Lawmakers to U.S. Soccer: Pay National Women’s Team What You Pay Men

Save ArticleSave Article

Failed to save article

Please try again

(Top L-R) United States' goalkeeper Alyssa Naeher, midfielder Lindsey Horan, defender Becky Sauerbrunn, midfielder Rose Lavelle, forward Christen Press; (bottom L-R) defender Abby Dahlkemper, defender Kelley O'Hara, forward Alex Morgan, midfielder Julie Ertz, defender Crystal Dunn and forward Tobin Heath pose prior to the France 2019 Women's World Cup semi-final football match between England and USA, on July 2, 2019, at the Lyon Satdium in Decines-Charpieu, France. (FRANCK FIFE/AFP/Getty Images)

A group of congresswomen on Wednesday called on the U.S. Soccer Federation to close the pay gap between male and female players on the U.S. national teams, saying the only thing the women’s squad should be “fighting for” is the world title or a gold medal.

The U.S. Women’s National Soccer Team (USWNT) sued U.S. Soccer in March over the pay disparities. A female player’s income is 38% of what her male counterparts earn, the House Democratic Women’s Caucus said in a letter to U.S. Soccer President Carlos Cordeiro, signed by more than 50 members of Congress.

“... the USWNT has been forced to fight for equity and fairness off the field,” said the letter, which included signatures from Bay Area Reps. Barbara Lee, Jackie Speier, Anna Eshoo, Ro Khanna and Mike Thompson. “... there is clear, ongoing institutionalized gender discrimination within the federation.”

Sponsored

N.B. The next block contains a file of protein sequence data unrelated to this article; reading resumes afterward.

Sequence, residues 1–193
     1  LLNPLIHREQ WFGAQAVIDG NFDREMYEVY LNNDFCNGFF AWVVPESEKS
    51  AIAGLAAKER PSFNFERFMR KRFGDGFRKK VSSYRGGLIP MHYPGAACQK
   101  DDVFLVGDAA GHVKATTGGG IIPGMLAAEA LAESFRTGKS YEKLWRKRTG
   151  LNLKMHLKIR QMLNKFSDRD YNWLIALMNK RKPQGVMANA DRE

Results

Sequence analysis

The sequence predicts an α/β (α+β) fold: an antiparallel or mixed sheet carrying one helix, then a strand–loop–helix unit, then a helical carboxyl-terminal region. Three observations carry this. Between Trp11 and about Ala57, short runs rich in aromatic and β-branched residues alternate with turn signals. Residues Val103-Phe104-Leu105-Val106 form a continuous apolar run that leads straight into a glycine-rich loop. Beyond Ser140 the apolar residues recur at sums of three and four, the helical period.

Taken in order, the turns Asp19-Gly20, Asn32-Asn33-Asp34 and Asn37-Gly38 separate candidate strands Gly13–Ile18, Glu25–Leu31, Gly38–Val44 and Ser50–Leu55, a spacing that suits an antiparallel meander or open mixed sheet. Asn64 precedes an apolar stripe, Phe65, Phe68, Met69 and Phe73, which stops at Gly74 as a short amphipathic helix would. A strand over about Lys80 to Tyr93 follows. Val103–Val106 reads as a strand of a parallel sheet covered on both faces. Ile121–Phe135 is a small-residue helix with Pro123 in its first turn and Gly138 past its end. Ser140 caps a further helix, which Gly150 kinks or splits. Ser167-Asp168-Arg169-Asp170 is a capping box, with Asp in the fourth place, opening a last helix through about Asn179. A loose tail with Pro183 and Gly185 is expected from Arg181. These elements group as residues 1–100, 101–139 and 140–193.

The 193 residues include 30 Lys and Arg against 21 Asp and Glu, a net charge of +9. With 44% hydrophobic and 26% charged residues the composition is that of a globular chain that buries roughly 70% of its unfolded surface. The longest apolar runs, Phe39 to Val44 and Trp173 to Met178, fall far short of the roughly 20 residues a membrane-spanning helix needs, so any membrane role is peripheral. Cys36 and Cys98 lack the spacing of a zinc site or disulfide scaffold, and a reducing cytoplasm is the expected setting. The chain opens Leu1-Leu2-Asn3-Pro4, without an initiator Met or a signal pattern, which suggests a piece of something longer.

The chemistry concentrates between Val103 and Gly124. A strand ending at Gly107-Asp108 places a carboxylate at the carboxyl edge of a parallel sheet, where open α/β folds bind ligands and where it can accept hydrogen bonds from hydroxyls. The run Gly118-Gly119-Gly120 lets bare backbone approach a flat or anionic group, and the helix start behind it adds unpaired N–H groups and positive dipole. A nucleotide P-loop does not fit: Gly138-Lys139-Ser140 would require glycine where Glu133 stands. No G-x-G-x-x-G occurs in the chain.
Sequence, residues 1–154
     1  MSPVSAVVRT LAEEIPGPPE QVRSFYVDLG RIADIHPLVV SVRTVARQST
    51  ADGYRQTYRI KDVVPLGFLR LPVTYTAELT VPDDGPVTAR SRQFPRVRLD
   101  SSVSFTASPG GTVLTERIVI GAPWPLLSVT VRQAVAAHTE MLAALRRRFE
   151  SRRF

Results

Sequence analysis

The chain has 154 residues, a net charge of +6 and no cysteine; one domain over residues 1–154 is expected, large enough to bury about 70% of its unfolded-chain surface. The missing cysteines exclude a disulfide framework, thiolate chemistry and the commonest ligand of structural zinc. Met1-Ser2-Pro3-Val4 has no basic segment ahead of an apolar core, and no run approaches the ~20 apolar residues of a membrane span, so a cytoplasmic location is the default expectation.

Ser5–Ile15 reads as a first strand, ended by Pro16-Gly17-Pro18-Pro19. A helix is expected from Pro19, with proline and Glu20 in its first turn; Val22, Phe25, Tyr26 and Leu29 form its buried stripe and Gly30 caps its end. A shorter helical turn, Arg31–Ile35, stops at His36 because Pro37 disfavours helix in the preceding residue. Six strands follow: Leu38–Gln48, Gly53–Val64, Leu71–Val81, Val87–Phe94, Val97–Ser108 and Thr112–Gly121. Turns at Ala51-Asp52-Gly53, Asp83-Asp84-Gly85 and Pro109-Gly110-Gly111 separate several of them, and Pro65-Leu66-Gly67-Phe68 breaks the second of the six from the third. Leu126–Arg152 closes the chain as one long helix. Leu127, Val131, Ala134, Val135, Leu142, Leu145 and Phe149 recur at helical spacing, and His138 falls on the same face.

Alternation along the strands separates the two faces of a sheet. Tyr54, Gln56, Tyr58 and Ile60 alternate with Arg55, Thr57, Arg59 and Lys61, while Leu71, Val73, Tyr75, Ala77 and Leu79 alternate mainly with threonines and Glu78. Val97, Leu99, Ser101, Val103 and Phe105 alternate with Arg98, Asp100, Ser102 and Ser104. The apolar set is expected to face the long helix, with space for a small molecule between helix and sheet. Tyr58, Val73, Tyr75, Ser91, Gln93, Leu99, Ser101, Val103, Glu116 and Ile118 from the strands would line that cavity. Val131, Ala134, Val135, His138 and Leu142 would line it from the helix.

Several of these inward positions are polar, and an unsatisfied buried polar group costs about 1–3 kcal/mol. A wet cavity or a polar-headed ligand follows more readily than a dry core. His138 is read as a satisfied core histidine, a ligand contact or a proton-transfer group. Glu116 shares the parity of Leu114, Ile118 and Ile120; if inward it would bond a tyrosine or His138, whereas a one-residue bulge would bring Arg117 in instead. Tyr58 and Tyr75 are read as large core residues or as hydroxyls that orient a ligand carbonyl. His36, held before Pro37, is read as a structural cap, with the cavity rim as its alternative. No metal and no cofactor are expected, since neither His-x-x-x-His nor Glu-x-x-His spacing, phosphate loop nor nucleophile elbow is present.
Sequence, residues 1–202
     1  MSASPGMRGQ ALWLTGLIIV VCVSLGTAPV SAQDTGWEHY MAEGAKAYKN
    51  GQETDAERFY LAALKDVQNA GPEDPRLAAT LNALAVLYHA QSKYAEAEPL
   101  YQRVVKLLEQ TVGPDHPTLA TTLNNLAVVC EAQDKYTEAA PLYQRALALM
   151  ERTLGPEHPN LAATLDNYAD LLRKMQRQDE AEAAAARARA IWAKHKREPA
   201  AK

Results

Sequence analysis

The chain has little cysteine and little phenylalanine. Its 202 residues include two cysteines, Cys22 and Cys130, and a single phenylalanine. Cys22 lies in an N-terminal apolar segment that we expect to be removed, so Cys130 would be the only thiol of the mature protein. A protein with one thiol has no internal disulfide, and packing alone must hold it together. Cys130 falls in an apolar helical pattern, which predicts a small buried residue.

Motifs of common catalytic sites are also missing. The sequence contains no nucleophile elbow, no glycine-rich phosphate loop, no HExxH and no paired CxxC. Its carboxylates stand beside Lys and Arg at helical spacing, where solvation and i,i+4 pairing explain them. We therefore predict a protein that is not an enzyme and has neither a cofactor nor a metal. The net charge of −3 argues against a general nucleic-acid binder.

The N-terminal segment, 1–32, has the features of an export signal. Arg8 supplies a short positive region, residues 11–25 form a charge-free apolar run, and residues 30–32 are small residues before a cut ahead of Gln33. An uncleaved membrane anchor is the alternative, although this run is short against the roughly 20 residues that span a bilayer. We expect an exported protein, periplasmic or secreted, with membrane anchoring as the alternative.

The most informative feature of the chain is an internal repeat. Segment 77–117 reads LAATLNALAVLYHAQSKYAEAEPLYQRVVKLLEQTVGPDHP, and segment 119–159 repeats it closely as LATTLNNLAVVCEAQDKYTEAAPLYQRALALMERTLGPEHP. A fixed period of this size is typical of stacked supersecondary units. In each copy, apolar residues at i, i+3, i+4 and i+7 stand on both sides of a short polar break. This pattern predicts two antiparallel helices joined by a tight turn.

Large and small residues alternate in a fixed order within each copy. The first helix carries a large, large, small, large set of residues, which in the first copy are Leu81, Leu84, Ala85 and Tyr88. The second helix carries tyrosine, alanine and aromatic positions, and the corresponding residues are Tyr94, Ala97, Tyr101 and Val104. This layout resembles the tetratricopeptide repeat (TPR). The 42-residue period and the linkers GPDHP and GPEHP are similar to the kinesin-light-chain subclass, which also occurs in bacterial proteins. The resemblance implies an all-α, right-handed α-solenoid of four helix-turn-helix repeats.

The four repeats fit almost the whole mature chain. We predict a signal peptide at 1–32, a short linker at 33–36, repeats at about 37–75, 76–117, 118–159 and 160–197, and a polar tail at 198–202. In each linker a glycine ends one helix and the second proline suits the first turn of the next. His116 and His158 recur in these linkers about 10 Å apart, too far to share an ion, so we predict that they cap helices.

The players argued in their lawsuit that they have faced “institutionalized gender discrimination” for years, which has led to smaller paychecks and worse overall treatment than their male counterparts. The union representing the members of the U.S. Men's National Team issued a statement in March supporting the women's team's efforts to be paid equally, NPR reported.

For winning the 2015 World Cup, the women’s team got $1.725 million — one third of the $5.375 million that U.S. Soccer awarded the men’s team, which lost in the Round of 16 of the Men’s World Cup in 2014.

The Guardian reported in late June that the U.S. women’s team had earned $90,000 in bonuses for reaching the World Cup quarterfinals (they're now set to play in the finals on Sunday), an amount that's six times less than the bonus structure their male counterparts get.

Unlike the men’s team, the women's squad has dominated international competition for decades. It is the reigning World Cup champion — its third title since 1991, a period during which it has finished in the top three in every single World Cup. In the Olympics, the team has won four out of the last six gold medals going back to 1996.

“These (pay) disparities are particularly questionable given that U.S. women’s games generated more total revenue than U.S. men’s games over the last three years,” the Democratic Women’s Caucus said.

More Coverage of the Gender Pay Gap

U.S. Soccer didn’t immediately respond to a request for comment. After the lawsuit was filed, Cordeiro said in an open letter: “U.S. Soccer believes that all female athletes deserve fair and equitable pay, and we strive to meet this core value at all times.”

“While we believe the current (collective bargaining) agreement is fair and equitable, we are committed to working with our USWNT players and understanding specifically where they believe improvement is needed,” he said.

The caucus asked U.S. Soccer to reply to a number of questions and to provide official documentation of the salary, bonuses and prize money for the men’s and women’s teams.

“The U.S. Soccer Federation should work to correct course and close the wage gap so that the only thing women athletes are fighting for is the world title or a gold medal. Instead, the message sent to women and girls is that their skills and accomplishments are of lesser value,” the caucus said. "The lack of parity must end."

In late June, U.S. Soccer and the Women's National Team tentatively agreed to begin mediation after the World Cup ends,  The Wall Street Journal reported.